Holding Plugs and Liners
This year, many regions of the country had a very wet spring. Consequently, demand for garden plants was delayed, which prevented some producers from shipping crops as scheduled. Growers had to therefore hold their crops longer than anticipated, making less space available for the next greenhouse crop. Some growers who had purchased or grown young plants for the next crop faced a difficult decision: to continue to hold the marketable finished plants in hopes they could ship them soon and delay or not transplant their young plants or to dump the finish plants so that greenhouse space was available for the next crop.
Most plugs and liners can be held in the greenhouse for a short time (e.g., seven to 10 days) with little or no negative effect on subsequent growth. However, the plants still require space, light, water, etc. Especially at warm temperatures, young plants continue to grow and can quickly become overgrown. Overgrown plugs typically have elongated and thin stems, poor branching, and in some cases they may not root as well after transplant.
If plugs and liners cannot be transplanted within a short period of time, they are best held at a low temperature. In the early 1990s, a floriculture team at Michigan State University, led by Royal Heins and Will Carlson, determined desirable cold storage temperatures and maximum holding durations for a range of seedling plugs (Table 1). An electronic copy of their 18-page booklet, which contains a substantial amount of research-based information, is available online at http://flor.hrt.msu.edu/production-info (see “Cold Storage of Plug Seedlings”).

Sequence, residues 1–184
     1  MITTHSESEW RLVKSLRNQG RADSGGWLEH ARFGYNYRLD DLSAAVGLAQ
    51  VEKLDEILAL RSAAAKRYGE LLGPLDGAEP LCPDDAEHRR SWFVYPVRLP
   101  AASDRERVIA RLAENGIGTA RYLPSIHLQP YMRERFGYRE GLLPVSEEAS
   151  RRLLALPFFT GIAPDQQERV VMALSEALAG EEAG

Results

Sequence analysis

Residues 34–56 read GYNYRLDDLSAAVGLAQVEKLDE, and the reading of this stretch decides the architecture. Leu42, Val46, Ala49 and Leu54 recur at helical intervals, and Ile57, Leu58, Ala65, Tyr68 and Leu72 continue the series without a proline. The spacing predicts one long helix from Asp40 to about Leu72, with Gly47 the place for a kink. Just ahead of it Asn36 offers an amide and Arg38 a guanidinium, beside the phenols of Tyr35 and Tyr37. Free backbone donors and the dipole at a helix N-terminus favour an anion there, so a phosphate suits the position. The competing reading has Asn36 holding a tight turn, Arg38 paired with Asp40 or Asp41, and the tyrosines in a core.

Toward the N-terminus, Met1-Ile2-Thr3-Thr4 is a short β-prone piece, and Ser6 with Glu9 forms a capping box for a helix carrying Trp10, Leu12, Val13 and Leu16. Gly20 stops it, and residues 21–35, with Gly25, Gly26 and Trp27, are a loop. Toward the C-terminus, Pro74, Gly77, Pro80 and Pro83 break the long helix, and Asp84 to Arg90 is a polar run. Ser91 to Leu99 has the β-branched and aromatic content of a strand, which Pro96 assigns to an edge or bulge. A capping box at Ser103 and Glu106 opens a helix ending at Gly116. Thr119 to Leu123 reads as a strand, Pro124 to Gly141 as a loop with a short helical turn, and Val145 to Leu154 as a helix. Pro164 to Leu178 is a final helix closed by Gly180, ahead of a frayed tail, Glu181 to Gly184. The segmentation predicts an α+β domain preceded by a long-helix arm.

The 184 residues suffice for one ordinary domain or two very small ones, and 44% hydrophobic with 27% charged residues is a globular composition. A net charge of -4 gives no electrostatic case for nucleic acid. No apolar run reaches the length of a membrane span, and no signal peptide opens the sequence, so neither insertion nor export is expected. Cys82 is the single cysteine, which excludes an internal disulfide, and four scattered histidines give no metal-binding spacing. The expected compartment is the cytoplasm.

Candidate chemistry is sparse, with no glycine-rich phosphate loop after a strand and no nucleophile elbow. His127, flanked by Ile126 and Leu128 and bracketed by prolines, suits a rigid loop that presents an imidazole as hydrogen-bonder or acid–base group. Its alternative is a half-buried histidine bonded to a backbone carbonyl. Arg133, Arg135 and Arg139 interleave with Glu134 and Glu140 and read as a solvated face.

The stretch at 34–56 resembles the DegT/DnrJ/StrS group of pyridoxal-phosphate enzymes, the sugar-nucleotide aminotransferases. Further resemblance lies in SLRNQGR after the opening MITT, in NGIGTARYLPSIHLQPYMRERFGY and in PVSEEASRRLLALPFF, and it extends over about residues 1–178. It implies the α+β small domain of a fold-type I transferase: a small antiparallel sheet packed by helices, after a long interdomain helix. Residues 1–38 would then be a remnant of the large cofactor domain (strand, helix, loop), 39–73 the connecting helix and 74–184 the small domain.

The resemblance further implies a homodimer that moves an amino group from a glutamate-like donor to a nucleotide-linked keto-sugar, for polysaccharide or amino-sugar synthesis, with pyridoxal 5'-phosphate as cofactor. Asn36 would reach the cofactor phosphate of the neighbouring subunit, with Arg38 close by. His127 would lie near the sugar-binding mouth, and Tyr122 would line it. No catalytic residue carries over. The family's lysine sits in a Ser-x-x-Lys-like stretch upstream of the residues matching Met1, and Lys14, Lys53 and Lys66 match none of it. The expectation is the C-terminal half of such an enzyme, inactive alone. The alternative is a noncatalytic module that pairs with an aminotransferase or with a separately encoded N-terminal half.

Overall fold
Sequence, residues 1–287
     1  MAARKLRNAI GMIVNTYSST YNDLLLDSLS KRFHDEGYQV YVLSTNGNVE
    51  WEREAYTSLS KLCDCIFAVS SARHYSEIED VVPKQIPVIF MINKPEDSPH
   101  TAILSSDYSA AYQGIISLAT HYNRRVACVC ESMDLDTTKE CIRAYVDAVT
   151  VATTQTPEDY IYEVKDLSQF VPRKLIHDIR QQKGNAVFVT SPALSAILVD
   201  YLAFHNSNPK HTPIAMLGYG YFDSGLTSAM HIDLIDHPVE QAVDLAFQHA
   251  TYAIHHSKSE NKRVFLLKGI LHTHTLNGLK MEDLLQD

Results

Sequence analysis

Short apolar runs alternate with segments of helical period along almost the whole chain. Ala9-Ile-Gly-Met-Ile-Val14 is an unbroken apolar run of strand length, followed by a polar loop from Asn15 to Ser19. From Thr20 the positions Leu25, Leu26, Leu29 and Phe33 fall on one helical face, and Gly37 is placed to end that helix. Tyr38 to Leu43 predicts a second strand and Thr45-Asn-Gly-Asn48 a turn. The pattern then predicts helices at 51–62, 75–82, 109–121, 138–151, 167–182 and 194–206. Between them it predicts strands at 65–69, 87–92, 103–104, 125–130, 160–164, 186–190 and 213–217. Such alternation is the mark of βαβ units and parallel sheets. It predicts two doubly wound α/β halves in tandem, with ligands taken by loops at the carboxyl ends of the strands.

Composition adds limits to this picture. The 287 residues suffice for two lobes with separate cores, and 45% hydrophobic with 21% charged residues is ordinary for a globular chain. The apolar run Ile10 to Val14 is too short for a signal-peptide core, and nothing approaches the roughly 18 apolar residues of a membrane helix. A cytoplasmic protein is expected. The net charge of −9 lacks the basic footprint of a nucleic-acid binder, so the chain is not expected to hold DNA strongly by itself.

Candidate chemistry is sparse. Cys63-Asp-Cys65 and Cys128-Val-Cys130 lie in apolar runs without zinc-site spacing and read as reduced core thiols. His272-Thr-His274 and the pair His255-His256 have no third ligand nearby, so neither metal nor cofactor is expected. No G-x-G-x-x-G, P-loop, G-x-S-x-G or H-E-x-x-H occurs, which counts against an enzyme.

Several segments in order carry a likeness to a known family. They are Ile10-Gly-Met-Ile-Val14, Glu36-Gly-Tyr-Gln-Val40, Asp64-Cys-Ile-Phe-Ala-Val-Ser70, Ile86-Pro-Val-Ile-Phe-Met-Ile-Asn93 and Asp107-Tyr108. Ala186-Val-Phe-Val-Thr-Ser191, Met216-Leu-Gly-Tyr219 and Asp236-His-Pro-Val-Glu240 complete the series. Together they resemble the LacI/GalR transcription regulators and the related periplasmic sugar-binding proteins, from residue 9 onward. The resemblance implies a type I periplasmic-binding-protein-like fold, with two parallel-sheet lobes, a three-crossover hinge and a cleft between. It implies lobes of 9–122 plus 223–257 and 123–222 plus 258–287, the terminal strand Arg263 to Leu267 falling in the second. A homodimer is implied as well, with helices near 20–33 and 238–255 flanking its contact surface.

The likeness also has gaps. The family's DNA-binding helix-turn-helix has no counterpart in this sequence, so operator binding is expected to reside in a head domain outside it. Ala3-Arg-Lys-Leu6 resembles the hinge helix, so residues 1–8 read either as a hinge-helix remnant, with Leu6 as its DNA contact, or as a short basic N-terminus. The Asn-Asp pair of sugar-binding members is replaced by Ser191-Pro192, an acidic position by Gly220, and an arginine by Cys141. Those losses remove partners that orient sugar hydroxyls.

Not surprisingly, cold-tolerant crops such as alyssum, pansy and petunia stored best at temperatures just above freezing (36¡ F). Higher storage temperatures were needed for cold-sensitive plants such as celosia and vinca (50¡ F) and New Guinea impatiens (55¡ F); at lower temperatures, plants developed chilling injury. Nearly all plants could be stored for at least three weeks at the suggested temperatures when provided with low-intensity light (at least 1 µmol_m-2_s-1, or 5 foot-candles). With the exception of fibrous begonia, dahlia and French marigold, plants with an optimum storage temperature of 45¡ F or less tolerated darkness equally well. In contrast, the cold-sensitive crops tolerated storage one week longer when provided with light.
Although not specifically tested, one can infer desirable storage temperatures of additional garden plants based on their estimated base temperatures (see the January 2011 issue of GPN). For example, storage temperatures of 36 to 41¡ F would be appropriate for osteospermum, snapdragon and viola whereas 50 to 55¡ F is suggested for angelonia, blue salvia, pentas and zinnia.
Crops with the lowest suggested storage temperatures should probably be given priority for storage because they grow relatively quickly at warm greenhouse temperatures. Crops can also be grouped into broader storage temperature categories. For example, 41¡ F could be used for plants with suggested storage temperatures of 36 and 41¡ F. Many growers don’t have refrigerated space, but building a small chamber (or renting a refrigerated truck) can be a worthwhile investment given the value of young plants.
At the onset of storage, ensure the young plants are well watered but have dry foliage. Plants must also be free of diseases, especially Botrytis. A fungicidal spray before storage may be prudent. In storage, protect plants from direct air flow from the heat exchanger, as this will dry out the plants quickly. Although growth slows during storage, it doesn’t stop and thus, plants require continued care. Finally, there is likely variability among cultivars in tolerance to storage temperatures and durations. Keep a close eye on plants, and remove them from storage if there are initial signs of chilling damage.